Hugos And Graveyards

28 07 2009

I’m a bit late to comment on Adam Roberts’ critique but this kind of surprised me:

“But The Graveyard Book is too twee, too cosy, especially given that its theme is Death which is, in reality, neither twee or cosy, as some children, and all of us eventually, grievously discover.”

I have a lot of time for Adam, both as a writer and a critic, but the idea The Graveyard Book is about death, or Death as Adam puts it, struck me as just wrong and an uncharacteristically literal interpretation of the text. The Graveyard Book may be set in a graveyard and may feature ghost and ghouls but I took the book’s central theme to be about Life. As evidence I offer the following:

“…Liza’s voice, close to his ear, said, ‘Truly, life is wasted on the living, Nobody Owens. For one of us is too foolish to live, and it is not I. Say you will miss me.’…”

And this:

“…’Why can’t I just stay here? In the graveyard?’

‘You must not,’ said Silas, more gently than Bod could remember him ever saying anything. ‘All the people here have had their lives, Bod, even if they were short ones. Now it’s your turn. You need to live.’…”

And finally (because I risk copyright infringement):

“…’Face your life
Its pain, its pleasure,
Leave no path untaken’

Maybe I’m missing something?

I could go onto some of the other arguments where I differ from Adam. For example, I am on the record as having loved Little Brother. A predilection that did not prevent me enjoying Adam’s own Swiftly which was, incidentally, one of the best books I’ve read this year. I could expound at length on the futility of arguing against a popular vote based award but I suspect that would be dull and rehash others arguments.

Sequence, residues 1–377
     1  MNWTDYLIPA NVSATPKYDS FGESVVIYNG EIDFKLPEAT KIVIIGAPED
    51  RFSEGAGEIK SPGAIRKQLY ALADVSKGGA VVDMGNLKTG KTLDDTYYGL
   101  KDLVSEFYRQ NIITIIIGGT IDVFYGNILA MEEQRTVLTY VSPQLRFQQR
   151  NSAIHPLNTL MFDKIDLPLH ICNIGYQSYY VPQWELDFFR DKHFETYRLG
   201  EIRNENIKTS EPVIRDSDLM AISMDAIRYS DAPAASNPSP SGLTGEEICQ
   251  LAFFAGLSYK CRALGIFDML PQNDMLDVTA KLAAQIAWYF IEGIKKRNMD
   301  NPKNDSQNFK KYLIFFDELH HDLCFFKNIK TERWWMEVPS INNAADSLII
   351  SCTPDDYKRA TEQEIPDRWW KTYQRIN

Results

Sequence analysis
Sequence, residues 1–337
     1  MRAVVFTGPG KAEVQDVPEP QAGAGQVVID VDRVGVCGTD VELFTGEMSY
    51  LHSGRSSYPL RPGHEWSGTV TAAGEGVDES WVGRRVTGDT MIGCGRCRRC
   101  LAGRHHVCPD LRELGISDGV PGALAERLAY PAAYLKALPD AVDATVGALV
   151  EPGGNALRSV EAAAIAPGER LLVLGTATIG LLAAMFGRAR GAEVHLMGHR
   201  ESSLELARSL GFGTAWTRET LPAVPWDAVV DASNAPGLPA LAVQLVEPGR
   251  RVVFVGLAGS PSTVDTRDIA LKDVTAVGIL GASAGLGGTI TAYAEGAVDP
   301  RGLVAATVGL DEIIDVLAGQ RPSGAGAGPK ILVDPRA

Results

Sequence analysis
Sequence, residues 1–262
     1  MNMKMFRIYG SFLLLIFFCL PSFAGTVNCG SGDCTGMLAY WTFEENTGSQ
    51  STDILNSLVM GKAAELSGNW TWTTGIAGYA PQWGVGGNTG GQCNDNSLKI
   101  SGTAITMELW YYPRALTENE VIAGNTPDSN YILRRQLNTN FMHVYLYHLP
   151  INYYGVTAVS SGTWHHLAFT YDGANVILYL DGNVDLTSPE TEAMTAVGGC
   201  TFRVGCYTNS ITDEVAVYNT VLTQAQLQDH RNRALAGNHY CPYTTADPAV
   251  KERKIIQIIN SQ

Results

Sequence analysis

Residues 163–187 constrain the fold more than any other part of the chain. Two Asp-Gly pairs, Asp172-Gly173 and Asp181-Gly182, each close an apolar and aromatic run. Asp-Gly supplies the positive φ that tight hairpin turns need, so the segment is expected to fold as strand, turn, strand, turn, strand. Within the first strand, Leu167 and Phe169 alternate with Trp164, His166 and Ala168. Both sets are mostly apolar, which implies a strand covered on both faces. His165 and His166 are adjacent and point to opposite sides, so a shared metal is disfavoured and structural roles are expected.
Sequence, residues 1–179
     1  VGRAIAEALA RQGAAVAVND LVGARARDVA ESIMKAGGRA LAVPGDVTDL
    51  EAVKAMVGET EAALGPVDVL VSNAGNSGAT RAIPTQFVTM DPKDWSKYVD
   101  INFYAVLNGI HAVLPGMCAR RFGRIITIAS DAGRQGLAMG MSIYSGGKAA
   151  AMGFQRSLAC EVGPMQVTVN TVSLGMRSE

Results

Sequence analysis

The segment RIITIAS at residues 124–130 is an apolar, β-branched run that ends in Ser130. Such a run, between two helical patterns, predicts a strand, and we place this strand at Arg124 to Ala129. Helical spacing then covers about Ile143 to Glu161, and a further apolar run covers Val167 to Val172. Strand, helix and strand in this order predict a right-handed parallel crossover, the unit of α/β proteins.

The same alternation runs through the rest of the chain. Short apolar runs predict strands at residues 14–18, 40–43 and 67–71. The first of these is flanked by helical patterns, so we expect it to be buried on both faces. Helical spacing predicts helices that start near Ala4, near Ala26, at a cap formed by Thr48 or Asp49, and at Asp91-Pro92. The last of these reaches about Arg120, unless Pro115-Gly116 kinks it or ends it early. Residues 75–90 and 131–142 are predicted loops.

No, all I really wanted to say was what you do with your life is more important than death.

And that, I think, is what another Neil was trying to say.

Sunday Naps

26 07 2009

I do like a lazy Sunday when I don’t have to be anywhere and today’s afternoon nap has done me some good.

I’ve managed a solid pace over the last seven days racking up some wordage each day. This is a marked improvement on where I’ve been for the last few months but the fact I can’t reach into four figures (save weekends) remains a little bit frustrating given my natural tendency as a writer (and a reader) to binge. However, at the moment the day job simply doesn’t allow enough downtime to think long enough to produce more. Learning my head only has so much capacity has been a tough one.

G’s mum is visiting at the moment. We hung out down by the river in Greenwich, had some ice cream, wandered round the market and the bookshop, saw a film and generally had a nice time. Today, well I needed a rest. Reading wise I am having a bit of fantasy binge at the moment but I plan to move onto some non-fiction titles I’ve been hankering for and, for no explanable reason, Bleak House.

Nothing else to report at the moment.

Friday Flash Fiction: Trust

24 07 2009

This post has now moved to: The precis follows:

A bit of fun this week, qualifying for my new criteria for Friday Flash on the grounds it’s damn near impossible to sell this type of story due to the over-used nature of the sub-genre. Candy floss fiction. Black, naturally.

By Neil Beynon

As long as he lived he could never forget the smell of the street that night, the stench of piss wrapping itself around the diesel of the passing cars as they zipped past. He gripped the knife in his hand tight, his gut twisting like a caged cat and glanced around for a more substantial weapon. In the mouth of the alley Ceridwen stood unmoving. She blocked the path to the street.